Rye’s Own Has Always Fought to Keep Community Assets for the Use of Ryers
Regular readers of “Rye’s Own” will know how this magazine has always fought for keeping community assets for the use of Ryer’s, often against great pressure and determination of elected and unelected bodies who have had ‘other plans’ for our precious land and buildings. We challenged the South Coast College “Done and Dusted” lady who wanted to sell off the Lion Street School. (which had been left for the education of the children of Rye ‘in perpetuity’ by the Meryon family 140 years ago).
Fortunately there are good men and women in Rye today who were as incensed as we were by the conduct of South Coast College in wanting to sell off ‘our’ Further Education Centre to be converted into ‘Luxury Flats’ and at the words of members of elected and unelected bodies who were seemingly supporting them.
Rother District Council rejected the plan to turn the old Library building into executive housing and the Art section into a small block of expensive flats built next to the church and Town Hall back in January after Rother District Council Officers had fought, right up to the end, to get the decision deferred rather than refused.
What was behind this rear-guard action? Why were Rother officers intent on getting this focal point of Rye’s educational and social life converted to expensive dwellings? Answers are called for! The first hint that the F E Centre, which everyone in Rye thought was only ‘in trust’ to the then Hastings College of Further Education, came in November 2004. Hastings College in conjunction with the Rye Partnership announced plans to sell the Library section and despite Rye Town Councils objections, the District Council gave planning permission for this part of the building to be converted into luxury flats, subject to the signing of a Section 106 agreement guaranteeing the FE Centre community use. What a cheek, the land was given to the people of Rye in 1874!
As none of the applicants ever put pen to paper on the Section 106 agreement it could be construed that the remainder of the building was, at least, a tentative target for future planning – Perhaps the Rye public would not notice! But the Rye public did take notice and the whole scheme has been described as “Grossly misleading”.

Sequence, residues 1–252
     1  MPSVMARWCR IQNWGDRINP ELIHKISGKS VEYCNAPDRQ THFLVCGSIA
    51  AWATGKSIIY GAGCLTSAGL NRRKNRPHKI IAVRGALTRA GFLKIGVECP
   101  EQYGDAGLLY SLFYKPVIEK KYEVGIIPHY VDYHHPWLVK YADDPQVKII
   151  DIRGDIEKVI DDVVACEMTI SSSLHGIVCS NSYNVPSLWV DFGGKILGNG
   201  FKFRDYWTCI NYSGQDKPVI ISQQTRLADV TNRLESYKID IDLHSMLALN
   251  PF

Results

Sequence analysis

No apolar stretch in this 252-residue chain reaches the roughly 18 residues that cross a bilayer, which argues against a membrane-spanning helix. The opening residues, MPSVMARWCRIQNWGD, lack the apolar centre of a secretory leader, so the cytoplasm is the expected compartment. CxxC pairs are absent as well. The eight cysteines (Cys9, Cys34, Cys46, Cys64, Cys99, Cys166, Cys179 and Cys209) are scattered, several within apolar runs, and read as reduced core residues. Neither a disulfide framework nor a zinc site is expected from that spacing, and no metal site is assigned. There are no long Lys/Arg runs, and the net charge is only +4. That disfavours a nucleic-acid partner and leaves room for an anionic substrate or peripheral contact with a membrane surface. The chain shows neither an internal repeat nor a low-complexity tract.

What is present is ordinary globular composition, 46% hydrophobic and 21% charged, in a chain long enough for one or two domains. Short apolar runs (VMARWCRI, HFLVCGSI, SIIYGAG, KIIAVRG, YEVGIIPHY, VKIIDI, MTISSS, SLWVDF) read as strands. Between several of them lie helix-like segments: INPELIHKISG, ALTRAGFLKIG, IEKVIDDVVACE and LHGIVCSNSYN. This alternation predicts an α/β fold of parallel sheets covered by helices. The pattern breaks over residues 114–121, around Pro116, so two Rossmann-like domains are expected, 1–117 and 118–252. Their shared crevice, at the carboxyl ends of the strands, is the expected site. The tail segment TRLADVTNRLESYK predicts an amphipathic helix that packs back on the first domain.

Plans were put forward to move the Library to the old Central Garage site in Cinque Ports Street. The partnership arranged a £100,000 plus grant to clear the site. This was done but the project came to nothing and £100,00 of public money went ‘Down the Drain’.
Finally, East Sussex County Council have acquired a lease on the Woolworth Building and moved the Library there. South Coast College, Principal, Sue Middleton, claimed at a Rye Town Meeting, that she had already signed the paperwork allowing for the sale of the whole Lion Street building telling the meeting that it was all ‘done and dusted’ and that the Section 106 obligation to keep part of the site for community use was obsolete.
The people of Rye were angered by her words and attitude and started a campaign to save The F E Centre. Over 1000 signatures were gathered a within days on a petition that called for the buildings to be used, as they were intended, for the education and leisure of the people of Rye. The F E Campaign, supported by Rye Town Council Rye Conservation Society, the Victorian Society, Amber Rudd MP and English Heritage, eventually saw the planning application thrown out. “The saving of the Lion Street site, comprising the old library, art block and community education centre became a victory for the people of Rye” claimed one of the F E Campaigners.
He went on to say “What of the future? South Coast College Hastings (which is said to have bought the site for just £1.in 1994), locked the doors at the end of January 2011. At the time of writing they are about to accept a joint offer by St Mary’s Church and the Fletcher Group. St Mary’s would use the end building as a church hall and Further Education centre; The Fletcher Group plans to build a state-of-the-art cinema in the further buildings, (a facility which Rye has not enjoyed for half a century). But let us never forget: the land was given by the Meryon family to the people of Rye in the 1870s. They surely never envisaged that future public bodies would turn from being trustees of their gift into property speculators out to make a fast buck”.
Today (23 March 2011) – Just as we go to press, “Rye’s Own” has received the following email :-
Dear Editor, I’ve just heard this afternoon, by word of mouth via a very reliable lady, that the Church/Fletcher grouping have actually secured the old Library and F.E. buildings The financial requirements have been met, and the ‘dream’ plans set out in an article in your lovely “Rye’s Own” a few months back could now materialize
“Rye’s Own” April 2011
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